La Creperie reopens after sad closing

Germain Roignant

Germain Roignant, 75, reopened Le Creperie on Clark Street quietly in December after closing in August. (Phil Velasquez / Chicago Tribune / January 3, 2014)

In the past few months, Germain Roignant has come to think of life as a Chinese soup.

"Sweet and sour," he said Friday, sitting in La Creperie, the newly resurrected Chicago restaurant he closed last August.

It was almost lunchtime. The little front room looked like it had forever, only better.

The ancient wooden floors, from the days the building was a farmhouse, had been stripped of decades of paint and freshly varnished. The old copper awning above the bar gleamed like it hadn't in ages. The crepes still smelled like crepes.

It was hard to imagine this comeback last summer when Roignant, at the age of 75, weary of the business' financial strains, announced he was closing the restaurant he had run for 41 years.

In his farewell weeks, disconsolate customers lined up night after night for one last crepe and a chance to remember their first dates there, their engagements, baby showers or birthdays, the kind of life changes that feel more profound when marked in a place that doesn't seem to change.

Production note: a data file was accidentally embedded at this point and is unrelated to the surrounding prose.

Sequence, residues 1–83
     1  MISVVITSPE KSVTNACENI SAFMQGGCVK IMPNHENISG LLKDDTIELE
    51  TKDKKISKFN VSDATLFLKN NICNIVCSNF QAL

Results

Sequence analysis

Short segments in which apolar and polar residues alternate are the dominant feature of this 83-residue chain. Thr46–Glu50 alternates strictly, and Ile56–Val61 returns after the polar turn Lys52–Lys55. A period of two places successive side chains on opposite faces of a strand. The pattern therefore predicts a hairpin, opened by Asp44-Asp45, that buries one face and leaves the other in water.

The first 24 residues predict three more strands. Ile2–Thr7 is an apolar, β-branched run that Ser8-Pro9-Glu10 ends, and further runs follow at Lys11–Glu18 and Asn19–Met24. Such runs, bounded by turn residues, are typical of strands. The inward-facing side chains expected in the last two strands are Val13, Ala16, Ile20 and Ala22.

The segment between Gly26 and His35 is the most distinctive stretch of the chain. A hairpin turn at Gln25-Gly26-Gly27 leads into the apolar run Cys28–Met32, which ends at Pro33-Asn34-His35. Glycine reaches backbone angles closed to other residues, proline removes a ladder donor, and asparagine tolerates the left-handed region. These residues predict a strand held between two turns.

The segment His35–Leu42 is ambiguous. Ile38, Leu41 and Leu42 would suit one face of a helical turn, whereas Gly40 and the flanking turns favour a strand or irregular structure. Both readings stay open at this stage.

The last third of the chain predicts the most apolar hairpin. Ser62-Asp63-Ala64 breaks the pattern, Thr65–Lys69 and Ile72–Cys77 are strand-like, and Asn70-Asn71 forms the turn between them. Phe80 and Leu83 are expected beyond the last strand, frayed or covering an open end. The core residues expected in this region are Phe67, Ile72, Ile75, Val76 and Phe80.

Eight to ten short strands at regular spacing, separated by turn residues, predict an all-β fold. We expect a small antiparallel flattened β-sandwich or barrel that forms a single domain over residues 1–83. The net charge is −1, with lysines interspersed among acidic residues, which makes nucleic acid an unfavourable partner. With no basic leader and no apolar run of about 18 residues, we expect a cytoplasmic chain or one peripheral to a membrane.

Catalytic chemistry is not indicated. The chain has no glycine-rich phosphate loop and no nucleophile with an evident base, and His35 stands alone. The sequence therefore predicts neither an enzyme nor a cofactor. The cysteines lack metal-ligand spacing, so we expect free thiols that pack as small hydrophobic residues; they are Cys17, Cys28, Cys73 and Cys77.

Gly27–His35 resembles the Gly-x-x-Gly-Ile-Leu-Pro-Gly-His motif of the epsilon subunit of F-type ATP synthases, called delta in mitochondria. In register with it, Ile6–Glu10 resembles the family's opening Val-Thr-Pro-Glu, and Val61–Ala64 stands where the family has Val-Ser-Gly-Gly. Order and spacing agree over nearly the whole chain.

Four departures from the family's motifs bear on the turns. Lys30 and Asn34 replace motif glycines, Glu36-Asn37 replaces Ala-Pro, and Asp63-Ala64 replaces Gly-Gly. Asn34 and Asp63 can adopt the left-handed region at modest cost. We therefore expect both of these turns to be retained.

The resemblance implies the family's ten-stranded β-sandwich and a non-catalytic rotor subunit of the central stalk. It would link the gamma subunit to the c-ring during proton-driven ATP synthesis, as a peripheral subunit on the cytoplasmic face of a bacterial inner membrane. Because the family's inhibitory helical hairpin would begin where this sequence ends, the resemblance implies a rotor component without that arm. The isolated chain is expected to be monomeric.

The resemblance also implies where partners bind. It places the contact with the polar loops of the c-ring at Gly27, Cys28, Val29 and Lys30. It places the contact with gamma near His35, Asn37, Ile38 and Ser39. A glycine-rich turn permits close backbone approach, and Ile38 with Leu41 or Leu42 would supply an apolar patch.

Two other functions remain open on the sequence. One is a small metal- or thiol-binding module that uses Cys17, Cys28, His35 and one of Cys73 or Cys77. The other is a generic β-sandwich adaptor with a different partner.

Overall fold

That — the constancy of the place — was what kept customers coming back. Inside, it was always 1972, and always France.

When he closed, Roignant felt he was betraying the customers who had built his livelihood, but he had lost more than a restaurant.

Shortly before the closure, his son, Jeremy, who had recently moved to Los Angeles, came back to Chicago to help his father pack. Jeremy died suddenly, unexpectedly in the family home above the restaurant.

"C'est la vie," Roignant told himself.

He had also told himself that he would go home to Brittany, to the French village where he grew up, to ponder the meaning of it all.

And he did.

In the autumn, he saw his boyhood friends. He slept in the bedroom where he was born. He made crepes in the land where he'd learned how.

In the meantime, life changed.

A few doors up North Clark Street, Colin Cameron, his cousin Jack Crombie and Crombie's wife, Pam, run a Scottish pub called Duke of Perth.

As Cameron tells the story, when they heard La Creperie was for sale, they saw a chance to escape their high rent. But when the landlord got wind of their plan, just as they were closing on the Creperie deal, he lowered the rent.

It was no longer urgent to move the pub. So what were they going to do with the La Creperie space?

On one of its last nights, they took another French chef there, thinking he might open a new restaurant. There in the crowd was Roignant, silver-haired and charming in the Gallic way, ebullient with the guests despite his grief, as vital to the place as butter.

"Germain was in his element," Cameron recalled Friday. "The place felt fantastic. It seemed sad it was closing. It seemed wrong it was closing."

An idea bubbled up. Maybe they could partner with Roignant.